UX & analytics: the methodology that puts the user at the heart of your approach

It can't be said often enough: at the heart of any digital device is the user. For brands, knowing their users is crucial in order to best meet their needs, understand their behavior and adapt their sites to remain competitive and successful. To get as close as possible to user knowledge, there's a methodology that brings together the two figureheads of the field:UX and data via analytics.

UX and Analytics: two essential facets of a digital project

UX and web analytics are two essential elements of any digital project. The UX approach enables us to get as close as possible to users' expectations to facilitate adoption and usage. It is based on theoretical knowledge, a set of best practices and interviews with a panel of users. UX is not just a matter of how users feel. Empirical data can be collected, notably through UX Research, which is based on observed behaviors (heat maps, eye tracking, etc.).

Web analytics are pure data. These are all the metrics resulting from visits and user paths.Analysis of this data reveals valuable information about the actual use of a site, the effectiveness of a media campaign or a visitor's conversion rate. It can also highlight inappropriate behaviors such as page flipping and frenetic scrolling, which can be remedied by improving the user experience. UX and analytics are, each in their own field, strategic pillars of a site's effectiveness, relevance and performance.

The power of an alliance: in-depth user knowledge

Thanks to synergies between expertise, we're moving further away from a "magic formula" for solving behavioral problems. From now on, it's all about pragmatism. UX hypotheses are based on a myriad of inputs whose cognitive biases are well known. They represent one side of reality. UX Research, for example, is based on interviewing users. The data collected is inevitably biased: even the best-targeted population is always fragmented, and will only concern those users who are willing to give their time.

This is where analytics come into play, with raw data on actual usage. They bring additional insight to UX through formal evidence. While analytics is responsible for data retrieval and analysis, behavioral solutions come from UX. That's why communication between UX and Web Analysts is essential, to put things into perspective, nuance or confirm biases.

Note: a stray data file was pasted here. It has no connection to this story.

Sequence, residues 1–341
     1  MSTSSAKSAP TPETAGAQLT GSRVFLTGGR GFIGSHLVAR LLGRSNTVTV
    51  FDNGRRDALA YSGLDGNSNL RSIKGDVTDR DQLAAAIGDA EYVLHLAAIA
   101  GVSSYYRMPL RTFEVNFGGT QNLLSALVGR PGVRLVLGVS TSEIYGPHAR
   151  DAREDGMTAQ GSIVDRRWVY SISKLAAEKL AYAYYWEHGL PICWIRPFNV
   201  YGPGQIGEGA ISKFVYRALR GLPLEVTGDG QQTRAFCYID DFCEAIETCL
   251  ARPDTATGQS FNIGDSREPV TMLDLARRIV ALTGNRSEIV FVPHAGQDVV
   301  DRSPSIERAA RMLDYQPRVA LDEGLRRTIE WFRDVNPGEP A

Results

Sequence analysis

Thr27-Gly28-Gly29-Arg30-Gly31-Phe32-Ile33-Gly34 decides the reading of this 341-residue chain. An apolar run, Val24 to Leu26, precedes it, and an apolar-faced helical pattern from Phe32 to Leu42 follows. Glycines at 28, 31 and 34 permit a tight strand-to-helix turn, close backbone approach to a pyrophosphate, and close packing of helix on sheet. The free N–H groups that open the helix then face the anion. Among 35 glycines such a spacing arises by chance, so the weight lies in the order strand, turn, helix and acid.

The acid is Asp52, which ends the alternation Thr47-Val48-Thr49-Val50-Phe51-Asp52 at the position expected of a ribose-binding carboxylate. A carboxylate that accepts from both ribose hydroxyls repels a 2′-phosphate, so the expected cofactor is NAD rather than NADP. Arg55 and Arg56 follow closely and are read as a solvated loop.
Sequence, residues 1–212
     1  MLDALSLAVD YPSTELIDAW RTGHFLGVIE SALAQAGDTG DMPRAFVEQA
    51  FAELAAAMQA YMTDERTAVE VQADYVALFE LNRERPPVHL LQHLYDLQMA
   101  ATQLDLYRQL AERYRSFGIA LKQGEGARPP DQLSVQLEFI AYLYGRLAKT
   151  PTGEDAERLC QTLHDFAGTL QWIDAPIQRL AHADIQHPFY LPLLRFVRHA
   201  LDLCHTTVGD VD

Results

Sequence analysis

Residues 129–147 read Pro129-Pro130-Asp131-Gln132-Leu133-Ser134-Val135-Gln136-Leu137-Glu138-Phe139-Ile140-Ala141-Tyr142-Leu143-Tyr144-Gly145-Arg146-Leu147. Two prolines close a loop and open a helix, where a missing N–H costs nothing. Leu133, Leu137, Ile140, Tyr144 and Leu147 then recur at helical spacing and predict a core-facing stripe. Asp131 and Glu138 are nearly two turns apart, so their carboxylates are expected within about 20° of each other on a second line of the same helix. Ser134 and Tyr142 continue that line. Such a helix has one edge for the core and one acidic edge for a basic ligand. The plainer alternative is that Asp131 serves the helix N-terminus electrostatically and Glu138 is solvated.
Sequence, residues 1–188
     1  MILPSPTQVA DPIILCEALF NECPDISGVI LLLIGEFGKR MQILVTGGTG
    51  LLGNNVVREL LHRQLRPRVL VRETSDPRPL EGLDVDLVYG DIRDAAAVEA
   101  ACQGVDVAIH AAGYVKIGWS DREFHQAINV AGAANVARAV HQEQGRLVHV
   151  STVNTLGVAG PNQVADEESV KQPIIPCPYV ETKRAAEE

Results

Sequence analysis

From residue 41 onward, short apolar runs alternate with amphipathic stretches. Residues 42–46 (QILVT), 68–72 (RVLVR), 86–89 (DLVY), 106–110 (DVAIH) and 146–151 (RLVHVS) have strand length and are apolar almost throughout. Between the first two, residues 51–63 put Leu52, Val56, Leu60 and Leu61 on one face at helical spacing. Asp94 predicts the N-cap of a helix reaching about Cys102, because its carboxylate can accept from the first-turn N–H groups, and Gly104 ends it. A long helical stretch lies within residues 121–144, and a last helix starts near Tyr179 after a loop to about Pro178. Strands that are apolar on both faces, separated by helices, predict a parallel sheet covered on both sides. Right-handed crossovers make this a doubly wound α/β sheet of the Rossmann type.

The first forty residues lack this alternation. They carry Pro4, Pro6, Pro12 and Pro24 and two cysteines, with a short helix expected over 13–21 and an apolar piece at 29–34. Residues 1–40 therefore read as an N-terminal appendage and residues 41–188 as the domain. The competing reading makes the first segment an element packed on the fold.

Let's take a concrete example. The Web Analysts' analysis concludes that traffic on the site's pages is very satisfactory, but conversion rates are very low. And conversion is, of course, the key. The analytics findings highlight a problem that is not necessarily a data issue, but could very well be a UX result. Let's go back to our example: the first hypothesis relates to the quality of visitor acquisition, the second to the efficiency of the visitor journey.

This comprehensive thought process provides brands with all the information they need to make the right decision. It demonstrates what previously might have been based on assumptions, convictions or "magical thinking". Because, even if we know our target user, it's much more complex to know our real users. And quantifying their precise journeys and the breaks at each stage makes it possible to prioritize projects with a high impact on conversion. Thanks to this approach, sites and applications are part of a continuous improvement process.

Continuous improvement, the spearhead of an active business pro approach

Statistical analyses are therefore seen as an intermediate deliverable. They provide data on a situation at a given moment in time, and feed into UX reflections to provide the most relevant solutions. It is essential to consider this approach over time, and not as a stopgap measure for a given moment. In today's all-digital age, devices and uses are evolving very rapidly (growing share of mobile browsing, screen size, access to 5G, etc.).

Websites and applications must adhere to the same philosophy: to keep pace with the constant changes in technology, usage and the market, in order to remain competitive and have a long-term vision. This is also why, in terms of analytics, it's wise to rely on a tool from the market, as it enables brands to rely on trusted third parties when it comes to monitoring and enforcing legislation (e.g. RGPD).

So, are you ready to boost your UX analyses with data?


Samantha BILODEAU, Director of Customer Knowledge, Wide
Robin THOMAS, Head of Design, Wide

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